In 1985 and in her 50’s, she authored her best-selling “Staying Beautiful: Beauty Secrets and Attitudes from My Forty Years As a Model”. She says that she doesn’t diet but confesses to have received a little help “here and there” from the surgeon’s knife. Whatever it is, Michael Gross called her “sexier than ever” when he interviewed her for his book, “Model: The Ugly Business of Beautiful People”. That was just over a decade ago and at that time, Carmen was 63. Still in the loop at all levels of fashion modelling, Carmen continues to be without a doubt one of the best posers in the business.

As the industry gradually changed, models were no longer considered as objects or as “coathangers” as the early supermodel Lisa Fonssagrives once noted. Their personalities were placed under the spotlight and, they became celebrities on an equal footing as Hollywood stars. They were now sought after by big time film director and Hollywood producers. Carmen would have her share of the new limelight too.

In 1993, she appeared in Martin Scorcese’s The Age of Innocence. She followed that up with a role in 1996’s The Sunchaser, and then with an appearance in the 1998’s Celebrity.  In 2001, she appeared in Woody Allen’s The Curse of the Jade Scorpion.  Today, Carmen continues to act and make appearances in motion pictures and on television series.

Author Michael Gross interviewed Carmen for best-selling, tell-all book, Model: The Ugly Business of Beautiful People. In it, Carmen revealed her insecurities. “I’d always been the ugly duckling of my crowd. I was the tallest and the skinniest and I had braces on my teeth. The boys couldn’t stand me”, she said. Today at over 70 years old, Carmen is stilled revered as a great beauty for all times.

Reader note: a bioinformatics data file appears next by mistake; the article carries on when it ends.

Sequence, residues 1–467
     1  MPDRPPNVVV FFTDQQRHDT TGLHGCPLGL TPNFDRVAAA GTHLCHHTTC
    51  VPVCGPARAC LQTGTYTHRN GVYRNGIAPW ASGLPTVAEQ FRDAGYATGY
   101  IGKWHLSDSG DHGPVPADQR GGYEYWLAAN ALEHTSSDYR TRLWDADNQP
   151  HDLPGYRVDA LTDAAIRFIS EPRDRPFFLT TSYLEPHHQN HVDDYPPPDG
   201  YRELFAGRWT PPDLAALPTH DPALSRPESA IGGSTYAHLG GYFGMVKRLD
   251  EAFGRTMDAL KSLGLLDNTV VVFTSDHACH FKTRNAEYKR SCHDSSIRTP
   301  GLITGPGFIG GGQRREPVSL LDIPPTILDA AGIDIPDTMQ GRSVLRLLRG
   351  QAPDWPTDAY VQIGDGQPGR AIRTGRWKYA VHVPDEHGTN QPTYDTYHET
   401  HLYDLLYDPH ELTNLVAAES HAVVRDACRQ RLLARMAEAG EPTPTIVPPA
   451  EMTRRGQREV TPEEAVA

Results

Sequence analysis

Now after more than 60 years in the business, she has the distinction of appearing in Vogue over six decades. She is ranked N° 20 on Channel 5’s “World’s Greatest Supermodel” list. And in 2001 for her 70th birthday, all of New York’s society people turned out for her birthday bash.

In 1999, she signed a spokesperson’s contract to associate her beauty to Lancaster Cosmetics. In July 2000, she modelled for John Galliano in his haute couture presentation for Christian Dior. In 2004, Jean-Paul Gaultier called upon her talents for his debut show for Hermès. She has also modelled for Donna Karan and Moschino. In 2004, she also obtained contracts to represent Gap and Target. In September 2005, Town & Country did a feature on her.

She is the honorary chairwoman of the National Osteoporosis Foundation. In February 2005, she modelled a red gown by Marc Valvo during the New York Fashion Week to raise money and awareness for the Heart Disease Charity.

Height: 5′ 9″ (1.75 m); Measurements: 35C-26 1/2-37


The curse of the Jade Scorpion (2001); Law & Order: Special Victims Unit (2004) (TV ); The Guru (2002); Celebrity (1998); The Sunchaser (1996)

The Age of Innocence (1993)